For Immediate Release, April 21, 2011
Contact: Rebecca Noblin, (907) 274-1110
Lawsuit Seeks to Rescue Pacific Walrus From Indefinite Wait for Endangered Species Protection
Obama Administration Acknowledges Climate’s Extinction Threat to Walruses But Refuses to Provide Protection
ANCHORAGE, Alaska— The Center for Biological Diversity formally notified the U.S. Fish and Wildlife Service today of its intent to sue the agency for failing to protect the Pacific walrus under the Endangered Species Act, despite finding that the walrus is threatened with extinction because of climate change. On Feb. 8, the Service designated the Pacific walrus as a “candidate” species under the Endangered Species Act, which means the walrus could wait indefinitely for protection.
“The Obama administration has acknowledged that climate change threatens the survival of the Pacific walrus but it’s chosen not to step in to stop their extinction,” said the Center’s Alaska director Rebecca Noblin. “It’s like the captain of the Titanic saying he knows the ship is about to hit an iceberg, but he’s too busy filling out the paperwork to turn the wheel.”
The gregarious Pacific walrus lives in the Arctic waters off Alaska and is dependent on sea ice for giving birth, nursing young and resting. Female walruses and calves follow the sea ice year-round. While the female dives to the bottom of the shallow continental shelf to feed on clams, the calf rests on the sea ice, safe from predators. In recent years, summer sea ice has disappeared from the walrus’s shallow foraging grounds, leaving females and calves with no ice floes for resting and forcing them to come ashore. Walruses have congregated by the thousands on Alaskan and Russian shores during three of the past four summers. Once on land, calves are vulnerable to being killed by predators or trampled to death in stampedes. Several thousand young walruses were killed in stampedes in Russia in 2007, and 133 young walruses perished in an Alaska stampede in 2009.
The Pacific walrus also faces threats from offshore oil drilling in its Arctic home. The Obama administration recently proposed regulations that would allow the oil industry to harm and harass Pacific walrus in the course of exploration and drilling activities in Alaska’s Beaufort Sea over the next five years. Shell Oil is proposing to drill multiple exploratory wells in walrus habitat off of Alaska in 2012 and 2013. The everyday operations of the oil industry hurt walrus by creating excessive noise and other disturbance. Worse, an oil spill in the Arctic could have dire consequences for walrus, and there exists no technology for cleaning oil in icy Arctic waters.
“The time to act to save Pacific walrus is now,” said Noblin. “The greenhouse gases we emit today will stay in the atmosphere for centuries. If we’re to have any hope of saving the Pacific walrus, we must rapidly reduce our carbon dioxide emissions to below 350 ppm. Not only the Pacific walrus, but an entire Arctic ecosystem hangs in the balance.”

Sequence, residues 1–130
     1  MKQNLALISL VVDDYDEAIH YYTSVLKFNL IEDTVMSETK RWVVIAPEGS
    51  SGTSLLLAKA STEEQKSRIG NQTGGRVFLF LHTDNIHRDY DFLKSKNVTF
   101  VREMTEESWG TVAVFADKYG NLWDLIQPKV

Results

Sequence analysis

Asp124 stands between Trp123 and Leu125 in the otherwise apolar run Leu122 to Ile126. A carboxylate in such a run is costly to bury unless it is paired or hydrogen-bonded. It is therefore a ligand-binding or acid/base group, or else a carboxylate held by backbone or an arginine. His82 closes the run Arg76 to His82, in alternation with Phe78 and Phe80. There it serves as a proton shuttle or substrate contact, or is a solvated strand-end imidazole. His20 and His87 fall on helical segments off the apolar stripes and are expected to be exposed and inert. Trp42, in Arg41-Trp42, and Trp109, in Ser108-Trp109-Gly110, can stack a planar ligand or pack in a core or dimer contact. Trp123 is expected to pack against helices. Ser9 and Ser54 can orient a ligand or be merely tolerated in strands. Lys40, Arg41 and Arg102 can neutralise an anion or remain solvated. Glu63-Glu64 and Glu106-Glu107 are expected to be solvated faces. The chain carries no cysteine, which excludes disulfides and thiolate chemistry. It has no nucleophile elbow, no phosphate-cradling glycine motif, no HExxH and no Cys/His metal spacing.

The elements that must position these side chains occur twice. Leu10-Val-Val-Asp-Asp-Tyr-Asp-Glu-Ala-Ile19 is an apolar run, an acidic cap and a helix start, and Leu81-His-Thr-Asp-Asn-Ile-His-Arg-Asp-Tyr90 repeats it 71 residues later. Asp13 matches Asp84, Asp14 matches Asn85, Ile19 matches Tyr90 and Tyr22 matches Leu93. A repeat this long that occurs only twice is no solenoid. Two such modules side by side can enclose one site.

The Service’s “warranted but precluded” decision places the walrus on a waiting list for protection — a list that has been described as a “black hole” for imperiled species. There are currently more than 250 species on that list, including many that have been languishing for two decades or more. At least 24 species have gone extinct while they were on the “candidate” list. The Act allows the Service to make a “warranted but precluded” finding only in a specific circumstance: if a lack of resources prevents it from assembling the information needed to support a listing proposal and if it is also making “expeditious progress” in listing more imperiled species. Neither condition is met here.
The Center submitted a scientific petition to list the Pacific walrus under the Endangered Species Act in February 2008 and sued to obtain the court deadline for a listing decision after the Service illegally delayed responding to the petition. Listing the walrus would not affect subsistence harvest by Alaska natives, which is generally exempted from the law’s prohibitions.
The federal government has acknowledged that several other Arctic species are threatened with extinction due to climate change. As a result of Center petitions, the polar bear was protected as a threatened species in 2008, and two Arctic ice seals — the ringed and bearded seals — were proposed as threatened species in 2010.
The Center for Biological Diversity is a national, nonprofit conservation organization with more than 320,000 members and online activists dedicated to the protection of endangered species and wild places.